Anatomy of US imperialism: ‘War Is a Racket’


Richard Moore

Original source URL:

Released September 11, 2001
The Wisdom Fund, P. O. Box 2723, Arlington, VA 22202
Website: -- Press Contact: Enver Masud

'War Is a Racket'

Excerpt from a speech delivered in 1933 by General Smedley Darlington 
Butler, USMC. General Butler was the recipient of two Congressional 
Medals of Honor - one of only two Marines so honored.

War is just a racket. A racket is best described, I believe, as 
something that is not what it seems to the majority of people. Only a 
small inside group knows what it is about. It is conducted for the 
benefit of the very few at the expense of the masses. . . .

There isn't a trick in the racketeering bag that the military gang is 
blind to. It has its "finger men" to point out enemies, its "muscle 
men" to destroy enemies, its "brain men" to plan war preparations, 
and a "Big Boss" Super-Nationalistic-Capitalism.

It may seem odd for me, a military man to adopt such a comparison. 
Truthfulness compels me to. I spent thirty- three years and four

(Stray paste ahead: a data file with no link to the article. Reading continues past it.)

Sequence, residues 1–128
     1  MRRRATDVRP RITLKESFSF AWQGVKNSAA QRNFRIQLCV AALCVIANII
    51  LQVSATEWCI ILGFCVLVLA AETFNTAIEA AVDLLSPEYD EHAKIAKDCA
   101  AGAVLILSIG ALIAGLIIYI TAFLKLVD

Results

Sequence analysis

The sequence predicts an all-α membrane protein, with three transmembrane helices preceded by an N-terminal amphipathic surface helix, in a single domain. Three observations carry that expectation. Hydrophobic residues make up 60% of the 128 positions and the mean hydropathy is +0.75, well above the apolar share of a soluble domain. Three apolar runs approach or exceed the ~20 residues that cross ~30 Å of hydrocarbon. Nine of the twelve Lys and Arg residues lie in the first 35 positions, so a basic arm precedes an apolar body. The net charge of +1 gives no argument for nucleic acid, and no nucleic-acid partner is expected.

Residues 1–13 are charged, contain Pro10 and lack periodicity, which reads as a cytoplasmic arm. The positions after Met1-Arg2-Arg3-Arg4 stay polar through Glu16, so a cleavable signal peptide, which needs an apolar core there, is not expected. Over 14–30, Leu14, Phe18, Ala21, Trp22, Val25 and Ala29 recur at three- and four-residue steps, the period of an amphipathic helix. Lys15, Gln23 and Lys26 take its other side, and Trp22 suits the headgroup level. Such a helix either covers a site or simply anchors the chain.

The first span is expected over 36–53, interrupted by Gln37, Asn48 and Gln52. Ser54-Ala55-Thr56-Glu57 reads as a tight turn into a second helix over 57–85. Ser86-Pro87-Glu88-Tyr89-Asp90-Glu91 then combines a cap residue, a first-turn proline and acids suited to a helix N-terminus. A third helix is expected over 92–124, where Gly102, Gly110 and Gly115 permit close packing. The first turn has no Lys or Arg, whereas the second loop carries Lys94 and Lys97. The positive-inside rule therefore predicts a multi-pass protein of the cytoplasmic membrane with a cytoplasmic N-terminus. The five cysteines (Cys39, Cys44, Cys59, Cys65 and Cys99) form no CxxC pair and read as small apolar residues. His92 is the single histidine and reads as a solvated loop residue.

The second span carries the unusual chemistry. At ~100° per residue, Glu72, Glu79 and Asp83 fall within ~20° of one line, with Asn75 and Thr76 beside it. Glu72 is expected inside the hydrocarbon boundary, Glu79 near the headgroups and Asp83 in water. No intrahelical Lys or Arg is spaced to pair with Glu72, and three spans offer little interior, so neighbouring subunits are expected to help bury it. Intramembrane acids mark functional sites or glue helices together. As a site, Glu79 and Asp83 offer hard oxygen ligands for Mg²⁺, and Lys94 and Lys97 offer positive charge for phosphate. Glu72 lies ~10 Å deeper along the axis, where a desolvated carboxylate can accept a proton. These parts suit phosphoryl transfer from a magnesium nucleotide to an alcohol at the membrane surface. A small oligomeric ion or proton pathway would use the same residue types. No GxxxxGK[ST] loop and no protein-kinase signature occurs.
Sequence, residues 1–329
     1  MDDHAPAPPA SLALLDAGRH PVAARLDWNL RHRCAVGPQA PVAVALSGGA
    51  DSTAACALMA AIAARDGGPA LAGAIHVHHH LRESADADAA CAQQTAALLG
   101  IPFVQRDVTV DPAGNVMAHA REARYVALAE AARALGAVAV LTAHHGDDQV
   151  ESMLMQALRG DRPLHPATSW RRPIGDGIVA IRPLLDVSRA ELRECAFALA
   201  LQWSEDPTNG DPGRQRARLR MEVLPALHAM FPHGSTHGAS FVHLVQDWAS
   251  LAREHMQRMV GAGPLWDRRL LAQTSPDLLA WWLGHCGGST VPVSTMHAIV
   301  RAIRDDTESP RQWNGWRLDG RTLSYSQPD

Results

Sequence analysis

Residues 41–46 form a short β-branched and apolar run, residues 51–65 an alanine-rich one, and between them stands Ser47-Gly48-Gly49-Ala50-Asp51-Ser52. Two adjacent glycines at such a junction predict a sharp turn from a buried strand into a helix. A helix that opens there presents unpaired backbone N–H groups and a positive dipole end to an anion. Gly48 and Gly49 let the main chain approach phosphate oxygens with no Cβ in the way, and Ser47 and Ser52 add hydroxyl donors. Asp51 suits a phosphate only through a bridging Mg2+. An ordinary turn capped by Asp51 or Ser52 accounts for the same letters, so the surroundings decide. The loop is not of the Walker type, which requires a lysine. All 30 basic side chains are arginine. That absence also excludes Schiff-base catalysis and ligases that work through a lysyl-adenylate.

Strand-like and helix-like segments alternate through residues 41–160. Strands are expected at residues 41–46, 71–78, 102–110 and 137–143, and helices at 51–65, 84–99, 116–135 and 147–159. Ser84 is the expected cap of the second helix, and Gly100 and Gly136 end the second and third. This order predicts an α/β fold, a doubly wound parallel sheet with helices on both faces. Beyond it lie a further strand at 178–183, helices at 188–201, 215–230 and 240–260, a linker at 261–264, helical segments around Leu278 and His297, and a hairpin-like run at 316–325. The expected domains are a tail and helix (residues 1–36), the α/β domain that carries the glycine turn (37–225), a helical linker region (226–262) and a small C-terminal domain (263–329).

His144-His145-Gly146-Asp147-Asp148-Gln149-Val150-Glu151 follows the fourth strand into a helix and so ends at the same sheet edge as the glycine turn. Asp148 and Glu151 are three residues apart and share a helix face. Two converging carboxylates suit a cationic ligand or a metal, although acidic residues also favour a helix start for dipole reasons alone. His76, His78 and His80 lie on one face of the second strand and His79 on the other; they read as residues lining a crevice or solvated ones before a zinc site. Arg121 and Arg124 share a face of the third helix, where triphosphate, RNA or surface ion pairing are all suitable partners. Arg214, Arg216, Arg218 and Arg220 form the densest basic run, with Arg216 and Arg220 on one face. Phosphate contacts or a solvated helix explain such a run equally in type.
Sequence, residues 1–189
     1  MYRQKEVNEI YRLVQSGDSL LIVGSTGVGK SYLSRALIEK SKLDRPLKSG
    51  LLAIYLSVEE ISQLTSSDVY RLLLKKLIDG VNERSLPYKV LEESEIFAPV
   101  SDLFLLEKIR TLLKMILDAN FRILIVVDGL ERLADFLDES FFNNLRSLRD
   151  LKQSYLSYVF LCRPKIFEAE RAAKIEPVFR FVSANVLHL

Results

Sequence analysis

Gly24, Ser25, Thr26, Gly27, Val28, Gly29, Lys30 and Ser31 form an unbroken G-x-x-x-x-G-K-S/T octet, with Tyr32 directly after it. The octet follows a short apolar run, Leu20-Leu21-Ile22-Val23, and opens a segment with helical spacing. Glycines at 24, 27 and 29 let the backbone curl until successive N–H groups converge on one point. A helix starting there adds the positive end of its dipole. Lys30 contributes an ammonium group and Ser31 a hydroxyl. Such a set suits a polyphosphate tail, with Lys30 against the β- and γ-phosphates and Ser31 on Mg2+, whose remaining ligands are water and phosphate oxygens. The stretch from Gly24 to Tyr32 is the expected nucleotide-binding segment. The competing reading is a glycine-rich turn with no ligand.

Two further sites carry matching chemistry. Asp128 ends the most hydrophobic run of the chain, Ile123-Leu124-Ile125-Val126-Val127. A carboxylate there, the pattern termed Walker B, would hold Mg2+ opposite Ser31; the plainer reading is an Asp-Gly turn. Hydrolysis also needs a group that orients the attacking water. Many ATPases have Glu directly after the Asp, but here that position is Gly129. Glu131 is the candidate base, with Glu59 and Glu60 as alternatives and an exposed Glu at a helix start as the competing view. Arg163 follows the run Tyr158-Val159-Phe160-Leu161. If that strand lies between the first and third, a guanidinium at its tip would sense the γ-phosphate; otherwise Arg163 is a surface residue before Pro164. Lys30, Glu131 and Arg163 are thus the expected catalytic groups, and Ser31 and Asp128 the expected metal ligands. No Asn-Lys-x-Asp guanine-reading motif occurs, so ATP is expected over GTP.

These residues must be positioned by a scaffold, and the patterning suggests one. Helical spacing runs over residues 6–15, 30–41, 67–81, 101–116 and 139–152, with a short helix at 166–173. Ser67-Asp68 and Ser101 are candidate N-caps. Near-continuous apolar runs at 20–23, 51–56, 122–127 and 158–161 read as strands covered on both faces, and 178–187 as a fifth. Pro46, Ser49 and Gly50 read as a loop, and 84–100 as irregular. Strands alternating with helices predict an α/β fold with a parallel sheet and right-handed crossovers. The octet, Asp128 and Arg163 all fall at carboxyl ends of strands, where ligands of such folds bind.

months in active military service as a member of this country's most 
agile military force, the Marine Corps. I served in all commissioned 
ranks from Second Lieutenant to Major-General. And during that 
period, I spent most of my time being a high class muscle- man for 
Big Business, for Wall Street and for the Bankers. In short, I was a 
racketeer, a gangster for capitalism.

I suspected I was just part of a racket at the time. Now I am sure of 
it. Like all the members of the military profession, I never had a 
thought of my own until I left the service. My mental faculties 
remained in suspended animation while I obeyed the orders of 
higher-ups. This is typical with everyone in the military service.

I helped make Mexico, especially Tampico, safe for American oil 
interests in 1914. I helped make Haiti and Cuba a decent place for 
the National City Bank boys to collect revenues in. I helped in the 
raping of half a dozen Central American republics for the benefits of 
Wall Street. The record of racketeering is long. I helped purify 
Nicaragua for the international banking house of Brown Brothers in 
1909-1912 (where have I heard that name before?). I brought light to